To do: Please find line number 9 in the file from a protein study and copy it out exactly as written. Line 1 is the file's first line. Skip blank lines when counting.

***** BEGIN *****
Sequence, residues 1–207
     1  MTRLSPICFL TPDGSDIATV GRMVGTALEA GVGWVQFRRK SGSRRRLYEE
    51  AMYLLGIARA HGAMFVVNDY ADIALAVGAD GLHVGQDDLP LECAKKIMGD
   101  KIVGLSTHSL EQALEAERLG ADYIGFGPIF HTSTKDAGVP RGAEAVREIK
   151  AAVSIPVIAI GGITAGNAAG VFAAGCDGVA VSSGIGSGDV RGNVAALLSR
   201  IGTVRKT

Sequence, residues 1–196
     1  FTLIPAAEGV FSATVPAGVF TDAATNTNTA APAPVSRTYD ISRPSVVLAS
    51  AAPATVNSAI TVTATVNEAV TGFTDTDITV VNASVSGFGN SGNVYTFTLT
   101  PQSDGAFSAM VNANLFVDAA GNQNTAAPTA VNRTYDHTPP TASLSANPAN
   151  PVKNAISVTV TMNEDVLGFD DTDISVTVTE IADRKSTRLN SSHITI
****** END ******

    51  AAPATVNSAI TVTATVNEAV TGFTDTDITV VNASVSGFGN SGNVYTFTLT